Start Lecture #7

Our main example

E' → E E → E + T | T T → T * F | F F → ( E ) | idis larger than the toy I did before. The NFA would have 2+4+2+4+2+4+2=20 states (a production with k symbols on the RHS gives k+1 N-states since there k+1 places to place the dot). This gives rise to 12 D-states. However, the development in the book, which we are following now, constructs the DFA directly. The resulting diagram is on the right.

Start constructing the diagram on the board:

Begin with {E' → ·E},
take the closure, and then keep applying GOTO.

A state of the automaton is an item set as described previously.
The transition function is GOTO.
If during a parse we are up to item set I_{j} (often called
state s_{j} or simply state j) and the next input symbol is
b (it of course must be a terminal), and state j has an outgoing
transition labeled b, then the parser shifts b to the stack

.
Actually, although b is removed from the input string, what is
pushed on the stack is k, the destination state of the transition
labeled b.

If there is no such transition, then the parser performs a
reduction; choosing which reduction to use is determined by the
items in I_{j} and the FOLLOW sets.
(It is also possible that the parser will now accept the input
string or announce that the input string is not in the
language).

Naturally, programs can't use diagrams so we will construct a table, but it is instructive to see how the LR(0) diagram plus the FOLLOW sets we have see before are enough for SLR parsing.

The diagram and FOLLOW sets (plus the production list and the ACTION/GOTO table) can be see here. For now just use the diagram and FOLLOW.

Take a legal input, e.g. `id+id*id`, and shift whenever the
diagram says you can and, when you can't, reduce using the
**unique** completed item having the input symbol in
FOLLOW.
Don't forget that reducing means backing up the number of grammar
symbols in the RHS and then going forward using the arc labeled with
the LHS.

The LR-parsing algorithm must decide when to shift and when to reduce (and in the latter case, by which production). It does this by consulting two tables, ACTION and GOTO. The basic algorithm is the same for all LR parsers, what changes are the tables ACTION and GOTO.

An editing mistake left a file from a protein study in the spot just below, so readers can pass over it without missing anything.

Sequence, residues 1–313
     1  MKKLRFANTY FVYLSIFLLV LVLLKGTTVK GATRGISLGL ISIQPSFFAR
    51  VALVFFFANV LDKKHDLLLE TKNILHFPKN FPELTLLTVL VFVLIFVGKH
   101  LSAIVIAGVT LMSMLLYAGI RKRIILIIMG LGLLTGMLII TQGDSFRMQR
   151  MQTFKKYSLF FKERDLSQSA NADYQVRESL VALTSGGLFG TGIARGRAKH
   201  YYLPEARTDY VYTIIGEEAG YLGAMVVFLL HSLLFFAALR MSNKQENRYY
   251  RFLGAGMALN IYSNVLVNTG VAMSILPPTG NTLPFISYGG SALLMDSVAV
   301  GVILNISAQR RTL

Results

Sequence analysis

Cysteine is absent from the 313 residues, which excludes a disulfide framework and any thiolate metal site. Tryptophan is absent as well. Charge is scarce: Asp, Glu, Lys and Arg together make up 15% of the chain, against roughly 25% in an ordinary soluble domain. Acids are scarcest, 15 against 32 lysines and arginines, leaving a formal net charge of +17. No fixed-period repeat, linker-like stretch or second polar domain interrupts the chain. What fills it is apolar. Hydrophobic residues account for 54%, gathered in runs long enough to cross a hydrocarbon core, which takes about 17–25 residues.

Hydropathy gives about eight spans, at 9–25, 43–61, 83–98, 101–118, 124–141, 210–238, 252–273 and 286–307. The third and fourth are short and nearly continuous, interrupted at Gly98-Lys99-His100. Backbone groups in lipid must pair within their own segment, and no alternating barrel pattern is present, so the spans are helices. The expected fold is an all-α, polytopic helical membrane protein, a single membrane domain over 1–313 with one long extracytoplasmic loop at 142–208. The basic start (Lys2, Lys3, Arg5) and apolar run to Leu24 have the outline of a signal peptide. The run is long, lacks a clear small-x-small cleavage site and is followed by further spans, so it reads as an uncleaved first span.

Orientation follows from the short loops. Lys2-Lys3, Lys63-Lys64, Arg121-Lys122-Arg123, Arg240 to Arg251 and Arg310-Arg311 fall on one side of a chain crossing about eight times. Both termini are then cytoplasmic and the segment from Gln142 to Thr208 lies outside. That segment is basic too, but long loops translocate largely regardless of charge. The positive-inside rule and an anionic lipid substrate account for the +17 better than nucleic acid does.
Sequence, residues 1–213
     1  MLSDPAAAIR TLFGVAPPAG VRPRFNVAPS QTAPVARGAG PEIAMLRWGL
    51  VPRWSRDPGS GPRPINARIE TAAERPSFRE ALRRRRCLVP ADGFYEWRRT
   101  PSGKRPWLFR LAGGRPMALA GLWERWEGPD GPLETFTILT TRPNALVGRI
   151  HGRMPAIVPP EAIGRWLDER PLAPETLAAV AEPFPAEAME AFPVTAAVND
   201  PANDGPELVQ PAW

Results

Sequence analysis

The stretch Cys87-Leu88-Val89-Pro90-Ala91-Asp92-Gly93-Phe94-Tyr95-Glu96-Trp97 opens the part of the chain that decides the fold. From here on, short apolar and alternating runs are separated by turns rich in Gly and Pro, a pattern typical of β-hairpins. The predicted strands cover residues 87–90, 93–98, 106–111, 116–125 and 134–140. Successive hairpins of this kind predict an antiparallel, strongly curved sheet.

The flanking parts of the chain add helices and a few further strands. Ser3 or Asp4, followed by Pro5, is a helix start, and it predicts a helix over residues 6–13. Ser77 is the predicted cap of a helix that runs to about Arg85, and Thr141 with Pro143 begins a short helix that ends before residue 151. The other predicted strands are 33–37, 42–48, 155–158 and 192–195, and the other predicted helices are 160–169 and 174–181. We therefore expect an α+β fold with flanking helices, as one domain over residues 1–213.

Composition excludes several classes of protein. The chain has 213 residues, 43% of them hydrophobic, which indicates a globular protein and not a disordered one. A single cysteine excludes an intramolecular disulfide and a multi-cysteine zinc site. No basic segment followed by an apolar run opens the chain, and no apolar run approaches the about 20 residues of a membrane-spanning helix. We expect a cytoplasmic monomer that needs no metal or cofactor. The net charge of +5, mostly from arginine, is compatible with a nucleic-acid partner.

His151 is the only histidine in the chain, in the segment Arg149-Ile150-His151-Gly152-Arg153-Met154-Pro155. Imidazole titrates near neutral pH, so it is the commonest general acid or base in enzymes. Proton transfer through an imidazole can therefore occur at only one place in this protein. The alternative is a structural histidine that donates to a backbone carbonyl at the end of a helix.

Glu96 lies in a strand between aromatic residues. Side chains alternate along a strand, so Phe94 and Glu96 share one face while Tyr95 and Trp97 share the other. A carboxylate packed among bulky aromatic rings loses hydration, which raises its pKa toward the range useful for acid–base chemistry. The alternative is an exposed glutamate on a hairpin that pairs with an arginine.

We have already seen GOTO (for SLR).

**Remark**: Technical point that may, and probably
should, be ignored: our GOTO was defined on pairs
[item-set,grammar-symbol].
The new GOTO is defined on pairs [state,nonterminal].
A state is simply an item set (so nothing is new here).
We will not use the new GOTO on terminals so we just define it on
nonterminals.

Given a state i and a terminal a (or the endmarker), ACTION[i,a] can be

- Shift j. The terminal a is shifted on to the stack and the parser enters state j.
- Reduce A → α. The parser reduces α on the TOS to A.
- Accept.
- Error

So ACTION is the key to deciding shift vs. reduce. We will soon see how this table is computed for SLR.

Since ACTION is defined on [state,terminal] pairs and GOTO is defined on [state,nonterminal] pairs, we can combine these tables into one defined on [state,grammar-symbol] pairs.

This formalism is useful for stating the actions of the parser precisely, but I believe the parser can be explained without this formalism. The essential idea of the formalism is that the entire state of the parser can be represented by the vector of states on the stack and input symbols not yet processed.

As mentioned above the Symbols column is redundant so a configuration of the parser consists of the current stack and the remainder of the input. Formally it is

(s_{0},s_{1}...s_{m},a_{i}a_{i+1}...a_{n}$)

where the s's are states and the a's input symbols.
This configuration could also be represented by the
right-sentential form
X_{1}...X_{m},a_{i}...a_{n}

where the X is the symbol associated with the state.
X is either the terminal just shifted in or the LHS of the
reduction just performed.
The parser consults the combined ACTION-GOTO table for its current
state (TOS) and next input symbol, formally this is
ACTION[s_{m},a_{i}], and proceeds based on the value
in the table.
If the action is a shift, the next state is clear from the DFA
We have done this informally just above; here we use the formal
treatment).

- Shift s.
The input symbol a is pushed and s becomes the new state.
The new configuration is
(s
_{0}...s_{m}s,a_{i+1}...a_{n}) - Reduce A → α.
Let r be the number of symbols in the RHS of the production.
The parser pops r items off the stack (backing up r states) and
enters the state GOTO(s
_{m-r},A). That is after backing up it goes where A says to go. A real parser would now probably do something, e.g., build a tree node or perform a semantic action. Although we know about this from the chapter 2 overview, we don't officially know about it here. So for now think of it simply printing the production the parser reduced by. - Accept.
- Error.

The missing piece of the puzzle is finally revealed.